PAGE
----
The Source Idea

Most people have phones. So, what if instead of relying on people to identify people, we can use phones? This is exactly the idea behind the contact tracing standard being developed by Apple and Google, in a partnership. Their idea is to use a phone's BLE (Bluetooth Bow Energy) radio to transmit and scan for encrypted data. In the case of a positive diagnosis, a user can see if and when they've been in contact with someone with COVID-19, but not who, which allows for completely private and secure contact tracing.

In theory, it makes sense. But, in practice, there are some issues with this approach:

  • Not everyone has a phone.
  • Some phones do not have a BLE radio or compatible software.
  • Phones have poor battery life (1-2 days at best)

With this in mind, I came up with a solution: Project Tracer. It is a small sized, low-power device which implements the aforementioned contact tracing standard.

What Are the Benefits?

As opposed to other methods of contact tracing, Project Tracer has multiple benefits.

  • 🔐 Ensures User Privacy
Unlike other methods of contact tracing that use machine vision or GPS, no personally-identifying data will ever be recorded or stored by the device. All of the information used to notify others of potential exposures is randomly generated and encrypted.
  • 🔋 Long Battery Life
Project Tracer provides an extremely low-maintenance method of contact tracing as opposed to phones. While a user's phone may run out of battery after less than a day, Project Tracer's projected power consumption can keep the device running for almost 5 days. In fact, the average power consumption is so low that the device can be charged by a single solar cell!
  • 👐 Simple Setup
Just tap a button, connect to the hotspot, and configure the device!
  • 💲 Low Cost
While the BOM cost for a single device in individual quantities is high (about $13), bulk pricing can bring the price down to something as low as $5 per device.

How Does it Work?

Before getting into the project, it's important to understand the fundamental principles which are the backbone of the project:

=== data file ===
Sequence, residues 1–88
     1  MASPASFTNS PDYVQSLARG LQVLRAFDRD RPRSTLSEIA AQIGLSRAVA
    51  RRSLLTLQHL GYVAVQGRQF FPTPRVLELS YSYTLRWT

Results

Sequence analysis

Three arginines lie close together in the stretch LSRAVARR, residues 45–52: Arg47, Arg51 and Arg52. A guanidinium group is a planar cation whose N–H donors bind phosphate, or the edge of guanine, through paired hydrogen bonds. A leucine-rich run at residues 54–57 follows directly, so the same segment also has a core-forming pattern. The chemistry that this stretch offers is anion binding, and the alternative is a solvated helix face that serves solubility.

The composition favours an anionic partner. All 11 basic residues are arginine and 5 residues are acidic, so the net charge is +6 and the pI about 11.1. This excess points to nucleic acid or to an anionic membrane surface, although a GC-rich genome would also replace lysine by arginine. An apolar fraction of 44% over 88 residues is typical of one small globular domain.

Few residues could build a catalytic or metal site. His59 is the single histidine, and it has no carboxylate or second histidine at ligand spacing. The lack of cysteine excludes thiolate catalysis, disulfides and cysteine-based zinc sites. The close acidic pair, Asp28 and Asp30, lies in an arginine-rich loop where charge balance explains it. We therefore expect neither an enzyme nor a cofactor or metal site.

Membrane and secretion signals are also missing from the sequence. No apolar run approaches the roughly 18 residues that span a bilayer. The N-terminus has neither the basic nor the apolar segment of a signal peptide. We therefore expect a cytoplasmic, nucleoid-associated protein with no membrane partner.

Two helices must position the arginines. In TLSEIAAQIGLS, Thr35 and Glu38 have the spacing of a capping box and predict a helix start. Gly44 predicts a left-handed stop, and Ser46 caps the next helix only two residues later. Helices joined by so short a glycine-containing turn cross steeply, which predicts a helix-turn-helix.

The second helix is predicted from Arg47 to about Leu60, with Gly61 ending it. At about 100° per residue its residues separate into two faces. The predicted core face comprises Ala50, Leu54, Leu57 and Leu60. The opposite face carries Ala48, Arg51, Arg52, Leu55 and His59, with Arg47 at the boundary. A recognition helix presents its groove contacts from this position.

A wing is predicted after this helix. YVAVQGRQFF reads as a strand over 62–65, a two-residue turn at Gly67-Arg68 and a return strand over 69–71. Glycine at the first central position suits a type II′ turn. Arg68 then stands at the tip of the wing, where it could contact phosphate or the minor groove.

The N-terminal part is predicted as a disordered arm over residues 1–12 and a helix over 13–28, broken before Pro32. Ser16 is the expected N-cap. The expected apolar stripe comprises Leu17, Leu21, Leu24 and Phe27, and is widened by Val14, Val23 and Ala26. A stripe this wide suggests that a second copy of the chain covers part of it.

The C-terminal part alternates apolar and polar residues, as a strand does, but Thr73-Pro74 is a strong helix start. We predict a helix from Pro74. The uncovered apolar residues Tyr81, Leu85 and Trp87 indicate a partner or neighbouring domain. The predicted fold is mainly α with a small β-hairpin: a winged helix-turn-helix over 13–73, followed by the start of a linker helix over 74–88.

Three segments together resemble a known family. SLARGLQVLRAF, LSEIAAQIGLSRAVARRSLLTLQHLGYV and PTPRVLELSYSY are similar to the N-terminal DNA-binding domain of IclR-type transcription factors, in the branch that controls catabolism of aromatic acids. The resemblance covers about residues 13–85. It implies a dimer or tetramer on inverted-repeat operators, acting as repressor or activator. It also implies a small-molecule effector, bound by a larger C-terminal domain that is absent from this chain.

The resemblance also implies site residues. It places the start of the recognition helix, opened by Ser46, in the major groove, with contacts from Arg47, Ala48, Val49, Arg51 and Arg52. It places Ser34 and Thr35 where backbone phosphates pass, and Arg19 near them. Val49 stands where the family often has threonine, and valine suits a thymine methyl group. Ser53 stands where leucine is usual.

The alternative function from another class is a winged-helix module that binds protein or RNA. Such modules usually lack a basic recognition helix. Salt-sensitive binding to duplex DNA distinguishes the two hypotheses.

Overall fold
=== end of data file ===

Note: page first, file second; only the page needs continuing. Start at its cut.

• Encryption is a one-way transformation that can only be reversed by the encryption key.
  • Cryptographically secure random numbers are completely random and cannot be predicted in any way.

With these concepts in mind, Here's how the system works.

Every day, a random number called the TEK (Temporary Exposure Key) is generated. From the TEK, two additional keys are generated: the RPIK (Rolling Proximity Identifier Key) and AEMK (Associated Encrypted Metadata Key).

Every 10 minutes, the RPIK is used to encrypt the string "EN-RPI", along with the UNIX epoch time at encryption into what's called an RPI (Rolling Proximity Identifier). Additionally, the system will use the AEMK and the RPI to encrypt some additional metadata into what's called the AEM (Associated Encrypted Metadata). The AEM and RPI are then combined and transmitted by the integrated Bluetooth Low Energy Radio to nearby devices.

Key derivation diagram

When the device would like to check whether or not it has been exposed to an individual with COVID-19, it simply starts by downloading the TEKs which have been submitted to a keyserver. For each TEK downloaded, it derives its respective RPIK and AEMK and attempts to decrypt the data that has been scanned from nearby devices. Due to the nature of Bluetooth (radio waves only travel so far), it is possible for the device to determine whether or not the user has been exposed to someone with COVID-19.

If you want a more in-depth read, and also how exactly to implement the standard, please take a look at some of the documents here. The part of the standard outlined above is the Cryptography Specification, v1.2.